One of history's most famous archaeological finds may just be a fake, claims one art historian. The world renowned bust of Egyptian Queen Nefertiti, believed to be 3,400 years old, is at the center of contentious debate on whether the famed artifact is genuine or just a forgery.
Housed in a Berlin museum, the iconic bust is one of the most copied works of ancient Egypt but its legitimacy has been put into question by Swiss art historian, Henri Stierlin, who claims that the bust is just a copy dating from 1912.
Stierlin says an archaeologist at the time had hoped to produce a new portrait of the queen wearing a necklace he knew she had owned, and was also looking to carry out a color test with ancient pigments found at the digs.
"It seems increasingly improbable that the bust is an original," Stierlin told AFP.
Bust in Germany: "fake"
The startling claim stroked already tense relations between Egypt and Germany, the former having already made requests for the immediate return of the artifact since it went on display in 1923.
The colorful bust depicts a stunning woman – believed to be Nefertiti - wearing a unique cone-shaped headdress. Stierlin, author of a dozen works on Egypt, the Middle East and ancient Islam, says the bust currently in Berlin's Altes Museum was made at the order of German archaeologist Ludwig Borchardt by an artist named Gerardt Marks.
On Dec. 6, 1912, the copy was admired as an original work by a German prince and Borchardt "couldn't sum up the courage to ridicule" his guest, Stierlin said.
He claimed it was impossible to scientifically establish the date of the bust because it was made of stone covered in plaster. The historian, who has been working on the subject for 25 years, said he based his findings on several facts.
Egypt refutes "findings"
But Egyptian authorities are crying foul, claiming that the allegations regarding the legitimacy of one of Egypt's most prized artifacts are unfounded.
"Stierlin is not a historian. He is delirious," Zahi Hawas, Secretary General of Egypt's Supreme Council of Antiquities told AlArabiya.
Hawas, the leading expert on ancient Egypt, refuted a number of claims Stierlin cited in his argument over the age of the bust, including its design and original condition.
Stierlin said the shoulders were cut vertically in the style practiced since the 19th century while "Egyptians cut shoulders horizontally" and that the features were accentuated in a manner recalling that of Art Nouveau.
But Hawas argued that the era of Pharaoh Akhenaten and his wife Nefertiti was distinguished by a new type of art form that broke free from all traditional styles.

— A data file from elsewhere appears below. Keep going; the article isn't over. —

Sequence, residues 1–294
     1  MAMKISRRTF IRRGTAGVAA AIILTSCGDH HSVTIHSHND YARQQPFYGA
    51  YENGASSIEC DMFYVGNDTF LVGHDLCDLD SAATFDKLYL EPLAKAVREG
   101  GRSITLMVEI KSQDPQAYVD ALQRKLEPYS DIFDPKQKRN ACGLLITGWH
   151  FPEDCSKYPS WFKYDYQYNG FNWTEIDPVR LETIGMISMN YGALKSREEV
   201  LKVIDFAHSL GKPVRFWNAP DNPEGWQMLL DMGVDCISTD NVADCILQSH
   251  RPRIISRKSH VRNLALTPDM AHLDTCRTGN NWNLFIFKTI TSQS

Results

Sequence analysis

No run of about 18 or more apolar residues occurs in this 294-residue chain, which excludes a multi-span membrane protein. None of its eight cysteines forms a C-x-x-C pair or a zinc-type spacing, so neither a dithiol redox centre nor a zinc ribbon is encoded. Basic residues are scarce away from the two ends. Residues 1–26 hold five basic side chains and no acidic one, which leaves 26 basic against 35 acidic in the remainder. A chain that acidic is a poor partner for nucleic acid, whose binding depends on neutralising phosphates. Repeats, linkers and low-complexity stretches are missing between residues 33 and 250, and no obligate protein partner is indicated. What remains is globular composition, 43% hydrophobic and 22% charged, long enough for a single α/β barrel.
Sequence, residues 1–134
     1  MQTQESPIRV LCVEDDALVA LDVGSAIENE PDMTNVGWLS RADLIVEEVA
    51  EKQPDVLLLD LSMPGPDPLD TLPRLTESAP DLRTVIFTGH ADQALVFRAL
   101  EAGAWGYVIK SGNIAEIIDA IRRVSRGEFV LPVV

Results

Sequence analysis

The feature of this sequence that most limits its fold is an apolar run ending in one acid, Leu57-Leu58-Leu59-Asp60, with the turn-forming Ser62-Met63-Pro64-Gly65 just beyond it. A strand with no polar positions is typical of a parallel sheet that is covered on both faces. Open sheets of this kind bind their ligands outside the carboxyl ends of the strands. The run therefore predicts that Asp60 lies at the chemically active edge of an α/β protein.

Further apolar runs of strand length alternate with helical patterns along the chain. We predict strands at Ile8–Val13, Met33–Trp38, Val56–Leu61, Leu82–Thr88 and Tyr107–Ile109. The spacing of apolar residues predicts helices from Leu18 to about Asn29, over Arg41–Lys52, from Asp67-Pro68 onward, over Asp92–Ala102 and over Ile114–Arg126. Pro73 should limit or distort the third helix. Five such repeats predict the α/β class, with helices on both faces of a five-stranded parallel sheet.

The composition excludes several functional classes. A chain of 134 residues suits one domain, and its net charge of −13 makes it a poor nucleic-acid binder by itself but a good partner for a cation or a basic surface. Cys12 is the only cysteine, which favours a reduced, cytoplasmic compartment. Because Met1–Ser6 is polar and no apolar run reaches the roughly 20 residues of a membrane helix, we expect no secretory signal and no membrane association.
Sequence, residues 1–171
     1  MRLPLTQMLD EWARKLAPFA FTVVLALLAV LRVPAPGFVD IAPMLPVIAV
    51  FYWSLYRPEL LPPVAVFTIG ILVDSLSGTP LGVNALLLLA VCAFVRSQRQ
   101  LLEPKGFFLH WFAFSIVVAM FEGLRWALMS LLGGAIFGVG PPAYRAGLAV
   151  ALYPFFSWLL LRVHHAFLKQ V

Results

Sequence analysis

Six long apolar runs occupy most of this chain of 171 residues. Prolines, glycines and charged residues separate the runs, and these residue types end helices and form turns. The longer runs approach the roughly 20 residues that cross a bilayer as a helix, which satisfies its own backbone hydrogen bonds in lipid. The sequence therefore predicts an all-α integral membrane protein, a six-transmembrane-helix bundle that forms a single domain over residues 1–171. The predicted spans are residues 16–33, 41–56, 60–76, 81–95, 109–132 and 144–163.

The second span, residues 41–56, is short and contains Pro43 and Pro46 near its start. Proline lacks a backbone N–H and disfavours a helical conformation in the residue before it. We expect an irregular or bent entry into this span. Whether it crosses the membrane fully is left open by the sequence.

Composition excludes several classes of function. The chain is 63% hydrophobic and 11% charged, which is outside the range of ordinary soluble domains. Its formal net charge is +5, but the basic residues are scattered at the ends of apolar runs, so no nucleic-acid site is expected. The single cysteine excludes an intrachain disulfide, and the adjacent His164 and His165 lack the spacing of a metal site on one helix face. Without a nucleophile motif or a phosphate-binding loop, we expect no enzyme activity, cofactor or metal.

"Thus, the paintings and statues belonging to this period came out different," he said.
Stierlin noted that the bust has no left eye and this would have been an insult to the queen at the time, so it couldn't have been carved during Nefertiti's reign.
Hawas again refuted the claim saying that the bust had a left eye that was damaged.
"The royal sculptor Tohotmos made it with two eyes, but one was later destroyed."
Stierlin also listed problems he noted during the discovery and shipment to Germany as well as in scientific reports of the time.
French archaeologists present at the site never mentioned the finding and neither did written accounts of the digs. The earliest detailed scientific report appeared in 1923, 11 years after the discovery.
The archaeologist "didn't even bother to supply a description, which is amazing for an exceptional work found intact," Stierlin said.
Hawas agreed with him regarding the report, but attributed it to the fact that the French archaeologists in charge of Egypt's antiquities at the time were not present in Tel al-Amarna where the bust was discovered.
It seems increasingly improbable that the bust is an original
Henri Stierlin, Swiss archaeologist
Nefertiti smuggled to Germany
Stierlin's new "findings" come shortly after a document from 1924 was found charging archaeologist Ludwig Borchardt with "cheating" to secure the bust for Germany. Zahi Hawas has called on Berlin to return the bust of Nefertiti and has led a global campaign to recover all plundered artifacts scattered across the globe.
The smuggling of Nefertiti's bust has become something of a legend in archaeological circles. After discovering it, Ludwig Borchardt took it to his house in Cairo and hid it amidst pieces of broken pottery going to Berlin for restoration. Since then, the bust has been displayed in Germany.
Stierlin added that Borchardt never provided a detailed description of the artwork that was supposed to be of extreme significance and value.
Borchardt "knew it was a fake," Stierlin claimed. "He left the piece for 10 years in his sponsor's sitting-room. It's as if he'd left Tutankhamen's mask in his own sitting-room."
Hawas disagrees claiming that, "Borchardt made a detailed report about the bust and it was amazing how accurate his description was."
However, Hawas broke the news that the most famous story of antiquity smuggling in Egypt is, in fact, untrue.
"Very soon I will uncover the details of how the bust was smuggled outside Egypt because we want it back where it belongs," Hawas concluded.
Very soon I will uncover the details of how the bust was smuggled outside Egypt because we want it back where it belongs
Zahi Hawass, Egyptian archaeologist